Philippines targets P73.2 billion for COVID-19 vaccine fund

Pia Ranada

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Philippines targets P73.2 billion for COVID-19 vaccine fund

HOPES. The world's hopes and dreams are pinned on COVID-19 vaccines.

Photo from Agence France-Presse

Finance Secretary Carlos Dominguez III says the fund will be enough to vaccinate 60 million Filipinos. Is this enough to attain herd immunity?
Philippines targets P73.2 billion for COVID-19 vaccine fund

The Philippines aims to come up with P73.2 billion ($1.5 billion) to pay for the COVID-19 vaccinations of 60 million Filipinos, Finance Secretary Carlos Dominguez III said in a meeting with President Rodrigo Duterte on Monday, November 23.

“P73.2 billion financing that’s pretty much – most of it is already fixed,” he told Duterte and other Cabinet members who met in Davao City to discuss measures against the pandemic and other issues.

Dominguez spelled out the sources of this fund.

  • “Low cost, long-term” loans from multilateral agencies like Asian Development Bank and World Bank – P40 billion
  • Domestic sources like LandBank, Development Bank of the Philippines, and government corporations – P20 billion
  • Bilateral sources from countries where a vaccine is being developed – P13.2 billion

The finance chief, however, tempered expectations, saying the P13.2 billion funds estimated to come from bilateral arrangements is “not completely negotiated.”

$25 to vaccinate one Filipino

Dominguez estimated that it would cost an average of $25 or P1,200 to vaccinate one Filipino.

This would mean that with a P73.2 billion budget, the government will be able to pay for the vaccination of 60 million Filipinos or slightly less than 60% of the country’s population.

Health Secretary Francisco Duque III backed up Dominguez, saying this number of inoculated Filipinos is enough to achieve herd immunity, or the resistance of a community to a disease due to immunity of a high-proportion of its people.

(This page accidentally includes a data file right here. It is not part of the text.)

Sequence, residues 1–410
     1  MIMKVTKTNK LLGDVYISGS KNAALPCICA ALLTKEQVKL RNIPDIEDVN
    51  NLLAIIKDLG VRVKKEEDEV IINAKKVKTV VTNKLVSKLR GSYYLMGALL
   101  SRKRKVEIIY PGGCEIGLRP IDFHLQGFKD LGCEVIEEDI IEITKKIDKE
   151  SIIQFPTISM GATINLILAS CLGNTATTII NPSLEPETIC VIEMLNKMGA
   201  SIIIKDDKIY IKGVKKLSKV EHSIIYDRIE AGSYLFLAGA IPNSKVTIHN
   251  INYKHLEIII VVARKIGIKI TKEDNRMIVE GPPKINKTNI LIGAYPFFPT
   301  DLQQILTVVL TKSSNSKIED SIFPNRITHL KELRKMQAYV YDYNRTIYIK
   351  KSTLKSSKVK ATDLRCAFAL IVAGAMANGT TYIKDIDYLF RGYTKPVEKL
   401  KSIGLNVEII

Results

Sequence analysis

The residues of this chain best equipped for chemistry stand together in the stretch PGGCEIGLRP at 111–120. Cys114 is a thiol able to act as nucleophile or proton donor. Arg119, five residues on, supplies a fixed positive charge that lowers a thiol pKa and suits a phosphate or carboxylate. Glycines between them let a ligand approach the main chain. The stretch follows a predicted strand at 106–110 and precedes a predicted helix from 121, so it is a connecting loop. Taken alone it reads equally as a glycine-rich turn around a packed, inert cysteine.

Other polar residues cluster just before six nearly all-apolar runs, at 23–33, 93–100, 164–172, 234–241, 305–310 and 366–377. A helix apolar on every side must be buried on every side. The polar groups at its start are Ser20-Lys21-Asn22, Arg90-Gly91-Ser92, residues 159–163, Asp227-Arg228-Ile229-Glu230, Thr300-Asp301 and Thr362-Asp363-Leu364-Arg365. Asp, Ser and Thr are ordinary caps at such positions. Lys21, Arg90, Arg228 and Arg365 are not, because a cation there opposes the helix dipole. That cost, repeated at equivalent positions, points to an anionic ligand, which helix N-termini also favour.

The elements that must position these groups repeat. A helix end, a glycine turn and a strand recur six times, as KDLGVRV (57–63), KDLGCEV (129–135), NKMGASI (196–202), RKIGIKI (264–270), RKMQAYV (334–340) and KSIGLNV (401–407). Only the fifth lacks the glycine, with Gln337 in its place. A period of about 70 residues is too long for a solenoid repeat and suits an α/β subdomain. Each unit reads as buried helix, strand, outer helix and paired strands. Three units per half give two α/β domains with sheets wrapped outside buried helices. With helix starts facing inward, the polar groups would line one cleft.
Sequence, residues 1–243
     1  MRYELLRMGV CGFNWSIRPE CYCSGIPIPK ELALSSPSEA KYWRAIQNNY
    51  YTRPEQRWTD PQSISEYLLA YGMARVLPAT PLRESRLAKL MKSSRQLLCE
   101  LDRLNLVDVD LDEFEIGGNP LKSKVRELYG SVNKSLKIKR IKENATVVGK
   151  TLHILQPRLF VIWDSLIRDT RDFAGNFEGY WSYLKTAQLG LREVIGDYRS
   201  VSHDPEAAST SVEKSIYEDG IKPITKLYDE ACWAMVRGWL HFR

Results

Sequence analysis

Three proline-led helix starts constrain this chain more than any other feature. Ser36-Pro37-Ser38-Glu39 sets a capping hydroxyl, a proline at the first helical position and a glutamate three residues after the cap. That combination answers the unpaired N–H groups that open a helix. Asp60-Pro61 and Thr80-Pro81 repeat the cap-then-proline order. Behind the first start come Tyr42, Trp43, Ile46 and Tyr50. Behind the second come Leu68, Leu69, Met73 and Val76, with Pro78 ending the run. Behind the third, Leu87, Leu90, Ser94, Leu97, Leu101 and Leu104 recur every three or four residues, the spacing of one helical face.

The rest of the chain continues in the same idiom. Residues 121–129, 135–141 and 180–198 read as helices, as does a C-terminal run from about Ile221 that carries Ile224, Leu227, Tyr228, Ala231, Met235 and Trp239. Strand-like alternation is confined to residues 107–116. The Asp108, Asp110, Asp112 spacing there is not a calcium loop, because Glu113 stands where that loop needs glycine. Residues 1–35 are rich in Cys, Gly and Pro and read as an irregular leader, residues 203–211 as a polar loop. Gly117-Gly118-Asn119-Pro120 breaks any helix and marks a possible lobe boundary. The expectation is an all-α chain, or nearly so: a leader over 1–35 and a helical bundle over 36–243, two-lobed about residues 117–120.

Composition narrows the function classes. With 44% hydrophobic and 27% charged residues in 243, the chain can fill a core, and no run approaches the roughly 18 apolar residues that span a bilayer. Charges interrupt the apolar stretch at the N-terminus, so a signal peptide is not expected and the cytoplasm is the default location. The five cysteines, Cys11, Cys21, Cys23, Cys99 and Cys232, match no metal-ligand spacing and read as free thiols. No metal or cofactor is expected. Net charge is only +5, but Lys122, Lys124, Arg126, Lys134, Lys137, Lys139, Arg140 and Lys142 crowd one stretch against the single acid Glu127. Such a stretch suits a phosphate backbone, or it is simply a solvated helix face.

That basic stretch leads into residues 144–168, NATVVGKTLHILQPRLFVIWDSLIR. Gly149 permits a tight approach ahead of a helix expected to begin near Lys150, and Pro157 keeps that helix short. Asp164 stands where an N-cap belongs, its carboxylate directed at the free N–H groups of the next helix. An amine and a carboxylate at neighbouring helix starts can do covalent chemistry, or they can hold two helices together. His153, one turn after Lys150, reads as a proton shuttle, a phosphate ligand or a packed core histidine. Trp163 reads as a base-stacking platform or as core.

“Herd immunity, Mr President, is anywhere from 60% to 70%, according to the World Health Organization. If we’re able to reach that, we’re going to pretty much arrest the spread of this and mawawala yung COVID-19 sa ating lipunan (and COVID-19 will disappear from our society),” said Duque.

“So basically, 60 million [people] is okay and we have funds for that,” said Dominguez in response.

Studies on vaccines say that the percentage of a population required to achieve herd immunity will largely depend on how effective the vaccine is.

In the same meeting, vaccine czar Carlito Galvez Jr said his strategy for distributing the vaccine would be to prioritize doses for coronavirus “hotspots” like Metro Manila, Davao City, Bacolod City, and others.

Then the vulnerable sectors in these cities or provinces would be given the vaccines first – poor households, health workers, military and police.

The proposed 2021 budget contains only P2.5 billion for COVID-19 vaccine procurement, disappointing several lawmakers.

The Department of Health has estimated that it needs around P12.9 billion to meet the target of vaccinating at least 20% of the entire population for free. (READ: DOH short of P10 billion for COVID-19 vaccines)

Status of vaccine negotiations

The government is already negotiating with 4 vaccine developers – Pfizer (US), AstraZeneca (United Kingdom), Sinovac (China), and Janssen (US), said Galvez.

By the end of November, the government will be able to provide its Advance Market Commitment to these firms to reserve a supply of their vaccine, he added.

Galvez was most optimistic about the arrangements for the AstraZeneca vaccine, saying the firm is setting aside 20 million doses for the Philippines and that it is the most affordable, costing “more or less $5.”

If all goes goes smoothly, said Galvez, distribution of the 20 million doses in the Philippines may take place in the second quarter of 2021 or during the months of April to June. –

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Pia Ranada

Pia Ranada is Rappler’s Community Lead, in charge of linking our journalism with communities for impact.